AJ: I was that girl that would go to the movies and I couldn’t enjoy the movie because I was just mad that I wasn’t in it. I just knew I could do it. I wanted to be an actress, but I would never dare say that out loud because it was almost embarrassing – it felt too far-fetched. I live in San Jose, where do they film movies in San Jose? They don’t. For me to say, “I want to be an actress,” it was almost like saying, “I want to be a princess.” Then I had a friend that moved to Los Angeles and she was an actress and she was in music videos and she was a dancer and she said, “If you move to LA, I will help you get started.” This far-fetched fantasy was now becoming more of an attainable dream. I had another friend who was a cheerleader for the Oakland Raiders and she told me I should come try out. I told her, “No it wasn’t really my thing.” But then I thought more about it and I said, “I am going to use this as my sign. I am going to try out for the Oakland Raiders and if I make the team I am going to do it for one year and then move to LA and pursue my dreams to be an actress. If I don’t make it, then God just show me another way and what I should do with my life.”
I auditioned for the Raiderettes; I ended up booking it and I cheered for one year. We went to the Super Bowl that year and it was an amazing year to pick to be a cheerleader for the Oakland Raiders. I came back from the Super Bowl, packed up my room and drove down to Hollywood. I’ve been here for 13 years starting at the ground as an “extra” and working my way up. My friend kept her word and showed me how to get started and I just worked my way up.
RM: As you were navigating your desire to act, and your year as a Raiderette, and we haven’t even talked yet about your stand-up comedy and the millions of people you make laugh across the country on tour and through your videos, but what role does your faith play? And, speak to those that might question how someone in your field can use your skills sets and gifting to bring glory to God?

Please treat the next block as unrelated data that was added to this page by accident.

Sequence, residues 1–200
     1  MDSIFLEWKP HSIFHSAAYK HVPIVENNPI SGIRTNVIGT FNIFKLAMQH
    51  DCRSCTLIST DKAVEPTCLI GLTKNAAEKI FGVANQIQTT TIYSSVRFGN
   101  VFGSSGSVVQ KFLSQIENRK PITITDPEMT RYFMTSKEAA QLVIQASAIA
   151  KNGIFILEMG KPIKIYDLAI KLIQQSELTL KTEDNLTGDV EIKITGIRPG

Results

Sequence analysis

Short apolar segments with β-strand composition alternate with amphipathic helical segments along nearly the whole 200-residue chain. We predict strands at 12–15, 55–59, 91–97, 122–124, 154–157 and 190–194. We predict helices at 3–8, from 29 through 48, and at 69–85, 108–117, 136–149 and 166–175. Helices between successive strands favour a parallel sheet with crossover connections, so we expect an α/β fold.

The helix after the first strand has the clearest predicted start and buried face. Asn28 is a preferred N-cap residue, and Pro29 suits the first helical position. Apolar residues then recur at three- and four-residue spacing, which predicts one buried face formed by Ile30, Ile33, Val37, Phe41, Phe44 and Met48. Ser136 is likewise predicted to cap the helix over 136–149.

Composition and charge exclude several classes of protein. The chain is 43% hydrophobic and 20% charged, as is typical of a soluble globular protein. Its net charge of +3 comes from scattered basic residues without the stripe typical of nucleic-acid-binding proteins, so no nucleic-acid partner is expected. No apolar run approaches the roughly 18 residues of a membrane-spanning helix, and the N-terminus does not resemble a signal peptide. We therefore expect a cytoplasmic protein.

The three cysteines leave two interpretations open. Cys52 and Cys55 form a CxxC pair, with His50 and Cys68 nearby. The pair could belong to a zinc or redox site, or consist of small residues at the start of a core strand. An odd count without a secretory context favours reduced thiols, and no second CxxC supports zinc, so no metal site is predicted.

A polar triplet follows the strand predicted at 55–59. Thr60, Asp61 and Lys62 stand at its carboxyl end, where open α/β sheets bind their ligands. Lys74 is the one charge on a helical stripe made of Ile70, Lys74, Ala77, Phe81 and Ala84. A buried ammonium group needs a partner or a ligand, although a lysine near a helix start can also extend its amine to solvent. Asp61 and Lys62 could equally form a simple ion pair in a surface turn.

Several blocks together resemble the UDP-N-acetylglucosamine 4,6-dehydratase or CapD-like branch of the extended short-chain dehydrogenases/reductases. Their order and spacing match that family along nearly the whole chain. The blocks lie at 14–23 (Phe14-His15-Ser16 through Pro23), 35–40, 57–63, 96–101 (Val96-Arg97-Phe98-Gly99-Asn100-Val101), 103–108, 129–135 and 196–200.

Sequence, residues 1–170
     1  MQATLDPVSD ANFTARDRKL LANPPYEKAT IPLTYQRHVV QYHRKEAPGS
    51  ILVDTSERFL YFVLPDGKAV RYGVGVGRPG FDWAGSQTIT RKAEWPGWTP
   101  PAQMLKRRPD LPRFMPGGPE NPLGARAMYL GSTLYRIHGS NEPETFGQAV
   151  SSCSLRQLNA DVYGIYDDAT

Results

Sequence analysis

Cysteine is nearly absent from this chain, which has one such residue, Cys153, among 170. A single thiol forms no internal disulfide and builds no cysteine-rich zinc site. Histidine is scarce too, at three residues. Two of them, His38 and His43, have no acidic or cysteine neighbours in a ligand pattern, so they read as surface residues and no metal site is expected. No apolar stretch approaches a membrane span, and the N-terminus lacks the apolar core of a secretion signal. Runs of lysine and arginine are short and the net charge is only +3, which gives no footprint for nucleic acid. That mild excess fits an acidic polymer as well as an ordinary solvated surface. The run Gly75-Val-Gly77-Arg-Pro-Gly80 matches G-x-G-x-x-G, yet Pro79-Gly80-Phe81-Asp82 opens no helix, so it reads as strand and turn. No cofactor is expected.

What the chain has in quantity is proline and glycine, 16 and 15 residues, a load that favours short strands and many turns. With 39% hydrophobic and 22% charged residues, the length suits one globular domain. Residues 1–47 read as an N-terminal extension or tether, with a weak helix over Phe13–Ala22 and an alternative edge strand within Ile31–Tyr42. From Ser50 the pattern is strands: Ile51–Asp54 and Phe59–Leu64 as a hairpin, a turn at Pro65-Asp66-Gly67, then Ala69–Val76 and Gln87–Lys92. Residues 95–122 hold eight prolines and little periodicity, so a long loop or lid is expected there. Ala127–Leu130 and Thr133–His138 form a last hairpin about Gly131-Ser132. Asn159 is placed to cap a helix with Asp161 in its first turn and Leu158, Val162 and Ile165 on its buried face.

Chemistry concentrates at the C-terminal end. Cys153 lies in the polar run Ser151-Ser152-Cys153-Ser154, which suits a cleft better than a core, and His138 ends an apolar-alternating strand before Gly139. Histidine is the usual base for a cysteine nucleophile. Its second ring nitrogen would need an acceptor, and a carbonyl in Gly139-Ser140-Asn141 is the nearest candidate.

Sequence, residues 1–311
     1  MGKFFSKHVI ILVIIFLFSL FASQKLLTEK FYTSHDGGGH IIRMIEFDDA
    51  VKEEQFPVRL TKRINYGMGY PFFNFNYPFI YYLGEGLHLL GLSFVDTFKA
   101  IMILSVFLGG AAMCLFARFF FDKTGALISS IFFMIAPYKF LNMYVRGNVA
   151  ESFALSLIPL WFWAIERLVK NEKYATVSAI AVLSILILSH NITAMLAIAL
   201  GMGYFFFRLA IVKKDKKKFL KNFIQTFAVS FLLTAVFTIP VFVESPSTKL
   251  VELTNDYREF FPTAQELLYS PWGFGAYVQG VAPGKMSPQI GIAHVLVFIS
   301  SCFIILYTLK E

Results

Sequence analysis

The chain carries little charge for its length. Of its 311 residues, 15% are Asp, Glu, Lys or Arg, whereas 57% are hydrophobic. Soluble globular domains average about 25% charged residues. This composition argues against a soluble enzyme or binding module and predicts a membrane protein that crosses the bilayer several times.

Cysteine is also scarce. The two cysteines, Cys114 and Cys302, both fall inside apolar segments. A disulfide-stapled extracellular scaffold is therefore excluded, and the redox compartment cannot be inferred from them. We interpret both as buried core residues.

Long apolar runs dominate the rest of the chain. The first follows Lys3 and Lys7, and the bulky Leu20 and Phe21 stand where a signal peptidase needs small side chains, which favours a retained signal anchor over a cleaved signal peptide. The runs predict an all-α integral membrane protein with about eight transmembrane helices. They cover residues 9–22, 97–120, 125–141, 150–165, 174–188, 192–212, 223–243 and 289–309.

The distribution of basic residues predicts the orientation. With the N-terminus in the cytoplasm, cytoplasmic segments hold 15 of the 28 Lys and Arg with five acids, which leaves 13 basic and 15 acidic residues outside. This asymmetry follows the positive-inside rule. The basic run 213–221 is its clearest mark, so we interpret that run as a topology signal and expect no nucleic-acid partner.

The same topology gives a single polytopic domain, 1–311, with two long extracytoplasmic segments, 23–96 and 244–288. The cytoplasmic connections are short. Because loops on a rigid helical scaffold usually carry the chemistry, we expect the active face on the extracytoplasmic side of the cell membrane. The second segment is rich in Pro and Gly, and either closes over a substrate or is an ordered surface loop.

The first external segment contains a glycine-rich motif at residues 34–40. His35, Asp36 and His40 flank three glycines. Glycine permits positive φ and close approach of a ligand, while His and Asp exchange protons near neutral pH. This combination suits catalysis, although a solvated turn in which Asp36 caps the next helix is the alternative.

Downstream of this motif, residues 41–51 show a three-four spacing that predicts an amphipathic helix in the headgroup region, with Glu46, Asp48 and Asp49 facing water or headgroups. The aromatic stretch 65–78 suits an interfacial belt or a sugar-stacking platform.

AJ: All of the decisions I have made in my career so far have been very much based on my convictions, my heart and my own personal relationship with God. The most [conviction] I ever had, and I had to really pray about this and let it go, was not disappointing the church. I think sometimes people may confuse that [the church] with following God and having your own relationship and the Holy Spirit convicting you. What people don’t understand is that everybody’s journey is different and looks different. When you look way different than me – and I’m in ministry, and I’m in the church or whatever – then sometimes Christians tend to think that you must be doing something wrong. I got that a lot when I was a cheerleader for the Oakland Raiders. I remember this one Christian guy was like, “How do you think Jesus feels about you being a cheerleader?” And I was like, “Umm, probably proud because I feel like He called me to do this.” I think when people see celebrities do something that is against their own personal convictions, but not against the celebrity’s convictions, then they point and say, “You must be wrong because I feel in my heart that I would never do that.” I’ve never been afraid of disappointing God, because I feel that all of my decisions come down to my personal convictions with God, it’s more been that I am probably going to hear something from the church.